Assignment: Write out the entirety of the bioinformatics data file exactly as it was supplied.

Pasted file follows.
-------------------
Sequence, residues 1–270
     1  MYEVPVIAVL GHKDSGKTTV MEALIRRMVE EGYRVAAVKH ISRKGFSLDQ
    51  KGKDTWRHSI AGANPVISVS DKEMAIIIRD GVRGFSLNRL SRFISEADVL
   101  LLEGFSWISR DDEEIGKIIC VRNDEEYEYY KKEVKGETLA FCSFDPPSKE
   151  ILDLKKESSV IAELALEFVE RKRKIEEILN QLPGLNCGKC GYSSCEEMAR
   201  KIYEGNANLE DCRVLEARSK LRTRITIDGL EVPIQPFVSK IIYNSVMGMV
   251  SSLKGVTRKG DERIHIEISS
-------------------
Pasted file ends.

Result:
Sequence, residues 1–270
     1  MYEVPVIAVL GHKDSGKTTV MEALIRRMVE EGYRVAAVKH ISRKGFSLDQ
    51  KGKDTWRHSI AGANPVISVS DKEMAIIIRD GVRGFSLNRL SRFISEADVL
   101  LLEGFSWISR DDEEIGKIIC VRNDEEYEYY KKEVKGETLA FCSFDPPSKE
   151  ILDLKKESSV IAELALEFVE RKRKIEEILN QLPGLNCGKC GYSSCEEMAR
   201  KIYEGNANLE DCRVLEARSK LRTRITIDGL EVPIQPFVSK IIYNSVMGMV
   251  SSLKGVTRKG DERIHIEISS